Variations on Voronoi

Lately I have returned to the awesome Processing library, which provides a very simple infrastructure for creating interactive experiments that produce nice images. I have not been using it since version 2; the last time I was using it was in 2009, I think. It was mostly a need to do something different from my daily routine that made me return to Processing, since I have very fond memories of toying around with Processing. Working with Processing made my again painfully aware of the differences between Java and C#, but overall it was a pleasant experience leading to pictures like this here:

Definitely not a Voronoi diagram.
A picture that is definitely not a Voronoi diagram.

The program that I have been working on is inspired by Voronoi diagrams. Voronoi diagrams take as input a plane (say, the unit square) and a set of distinguished positions in that plane. For each point of the plane, the output at that point is the closest of the distinguished positions to that point. This information can then be used to color the plane, yielding a picture of colored cells, see Wikipedia. There are several ways to compute a Voronoi diagram, the one I decided to use probably does not count as a sensible method: Our plane is a picture (which means that it is subdivided into pixels) and we compute the diagram iteratively by repeatedly adding the pixels surrounding each distinguished point to its cell. Each pixel is given the color of its cell (the cell color has been predetermined in some way using the associated distinguished point) and after sufficiently many simulation steps, we get a finished diagram, like this one here:

Looks like a Voronoi diagram with a Manhattan metric.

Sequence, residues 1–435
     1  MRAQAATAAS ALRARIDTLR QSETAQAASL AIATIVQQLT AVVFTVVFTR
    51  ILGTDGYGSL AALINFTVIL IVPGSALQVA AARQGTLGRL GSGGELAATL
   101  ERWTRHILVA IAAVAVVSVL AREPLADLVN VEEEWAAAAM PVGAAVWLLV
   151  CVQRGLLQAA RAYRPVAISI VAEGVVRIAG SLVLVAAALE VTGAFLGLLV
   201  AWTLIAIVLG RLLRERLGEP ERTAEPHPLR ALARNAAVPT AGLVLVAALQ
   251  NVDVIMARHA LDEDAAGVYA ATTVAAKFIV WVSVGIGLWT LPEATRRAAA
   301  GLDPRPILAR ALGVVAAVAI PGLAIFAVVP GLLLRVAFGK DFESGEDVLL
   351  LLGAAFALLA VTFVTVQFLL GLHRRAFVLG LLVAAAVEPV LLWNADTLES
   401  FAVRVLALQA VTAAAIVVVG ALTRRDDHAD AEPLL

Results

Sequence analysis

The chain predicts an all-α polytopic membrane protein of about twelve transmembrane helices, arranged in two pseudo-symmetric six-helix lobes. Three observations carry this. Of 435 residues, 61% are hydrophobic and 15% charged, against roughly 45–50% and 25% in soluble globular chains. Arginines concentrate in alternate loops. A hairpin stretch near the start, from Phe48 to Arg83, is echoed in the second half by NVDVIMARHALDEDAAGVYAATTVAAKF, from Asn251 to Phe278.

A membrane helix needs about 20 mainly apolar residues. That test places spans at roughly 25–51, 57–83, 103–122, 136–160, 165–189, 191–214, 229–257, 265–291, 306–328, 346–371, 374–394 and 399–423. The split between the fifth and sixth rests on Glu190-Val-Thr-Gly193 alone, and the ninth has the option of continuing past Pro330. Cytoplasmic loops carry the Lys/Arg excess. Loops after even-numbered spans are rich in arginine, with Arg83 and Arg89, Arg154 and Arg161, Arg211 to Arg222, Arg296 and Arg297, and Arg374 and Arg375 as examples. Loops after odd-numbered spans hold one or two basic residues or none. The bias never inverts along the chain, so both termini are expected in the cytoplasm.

Looks like a Voronoi diagram with a Manhattan metric.

One thing that might happen in this simulation is that a pixel is halfway between two distinguished points, in which case that pixel is added to whichever cell is simulated first in the update step of the simulation. Alternatively, we can simply note that pixel as conflicted and color it black. Note also that I never specified what exactly surrounding pixels means in this context: The most sensible notions that come to mind is that for any pixel, its neighbors are given by its left, right, top, and bottom neighbors. You could also add in the diagonals. Or do something entirely different, which will generate Voronoi-like-diagrams for different metrics (check for yourself whether a measure of distance given by such a neighborhood actually induces a metric). This generates pictures such as this one:

Voronoi-like diagram with a strange distance measure
Voronoi-like diagram with a strange distance measure, simulation is still running
Voronoi-like diagram with a strange distance measure
Voronoi-like diagram with a strange distance measure

Of course, there are several factors that can be changed to create interesting pictures:

  • the kind of neighborhood used to determine surrounding cells
  • the initial distribution of distinguished points
  • the initial colors of every cell
  • how we color pixels belonging to a cell (just the solid color? take the distance into account? do some crazy bit-arithmetic based on the current cell size?)
  • how we handle conflicts (always mark them as black borders? give the pixel to one of the conflict partners at random? etc.)

To explore the kinds of pictures that arise in this way, I wrote a program to specify these parameters and tweak them during the simulation, which leads to rather interesting pictures showing great diversity. Actually, I lied a bit: Before writing the program, I felt the need to write a simple custom GUI library for Processing, because it does not come with one and the ones I tried did some things that I didn’t like (this, of course, is not a good reason to write a GUI library – or any library at all, – but integrates neatly with the mindset of most programmers I know). Here are some of the pictures generated with the program, along with some detail-shots at the pixel-level (click the pictures to get a larger view). I am also currently experimenting with printing, you can buy prints here.